Theale Community Fire Station in Reading has been officially opened and is the third community tri-service station in Berkshire. The station has been operational since October 2021, with the official opening delayed due to Covid, and it provides improved training and welfare facilities for staff, helping to support the workforce of modern public services.
The building has been carefully designed to promote an inclusive working environment for a range of staff from across the fire and rescue service and partner agencies, while providing the flexibility of function that is required in the modern era.
Included in the designs are welfare and physical training areas to support the functional fitness requirements, as well as built-in operational features to support the health and safety of fire crews, such as designated decontamination zones and improved facilities for breathing apparatus equipment to be cleaned.
The new site supports a healthy and vibrant habitat for local species of flora and fauna following the planting of over 900 ground cover plants and over 1,500 native woodland trees and shrubs. It also benefits from electric vehicle charging infrastructure, roof-mounted solar panels and a greywater recycling system.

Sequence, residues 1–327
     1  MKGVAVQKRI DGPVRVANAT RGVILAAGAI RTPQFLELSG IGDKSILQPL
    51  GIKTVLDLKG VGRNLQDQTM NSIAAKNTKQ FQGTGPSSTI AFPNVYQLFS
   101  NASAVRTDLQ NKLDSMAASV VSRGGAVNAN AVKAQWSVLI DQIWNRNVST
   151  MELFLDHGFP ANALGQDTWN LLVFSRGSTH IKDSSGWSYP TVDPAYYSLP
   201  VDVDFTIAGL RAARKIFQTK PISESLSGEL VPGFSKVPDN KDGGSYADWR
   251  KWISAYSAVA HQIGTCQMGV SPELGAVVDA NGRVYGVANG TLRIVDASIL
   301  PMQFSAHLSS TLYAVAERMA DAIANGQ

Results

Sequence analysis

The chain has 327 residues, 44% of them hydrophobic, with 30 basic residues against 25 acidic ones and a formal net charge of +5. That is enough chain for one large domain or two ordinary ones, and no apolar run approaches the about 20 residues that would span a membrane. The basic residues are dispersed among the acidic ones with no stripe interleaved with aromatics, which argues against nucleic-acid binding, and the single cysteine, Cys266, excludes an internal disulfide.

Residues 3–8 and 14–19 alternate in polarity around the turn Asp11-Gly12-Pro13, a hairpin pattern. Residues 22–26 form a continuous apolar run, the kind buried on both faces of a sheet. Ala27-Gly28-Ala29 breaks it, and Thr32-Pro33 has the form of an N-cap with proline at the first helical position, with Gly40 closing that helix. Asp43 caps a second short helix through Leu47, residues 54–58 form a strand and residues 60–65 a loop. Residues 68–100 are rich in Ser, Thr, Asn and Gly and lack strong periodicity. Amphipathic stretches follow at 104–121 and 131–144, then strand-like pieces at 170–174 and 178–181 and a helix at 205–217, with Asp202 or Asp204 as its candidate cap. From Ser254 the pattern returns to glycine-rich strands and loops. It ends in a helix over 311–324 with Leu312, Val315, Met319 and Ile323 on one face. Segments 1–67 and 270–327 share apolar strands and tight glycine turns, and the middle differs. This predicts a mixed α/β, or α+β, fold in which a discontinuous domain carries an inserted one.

Wayne Bowcock, Chief Fire Officer Royal Berkshire Fire and Rescue Service said, “Careful consideration was given to the location of Theale Community Fire Station, with the main aim of improving the overall speed of response times to emergency incidents. As such, the station now offers improved access to major road networks, such as the M4 and A4 corridors, while ensuring emergency vehicles are closer to the surrounding communities.”
Kirsten Willis-Drewett is the Head of Operations, South Central Ambulance Service. She added, “The three emergency services have, of course, always worked closely together during incidents and through community events. In addition to this, all three emergency services will take part in joint training exercises and share expertise in a number of areas, whether this be rescue or casualty care.”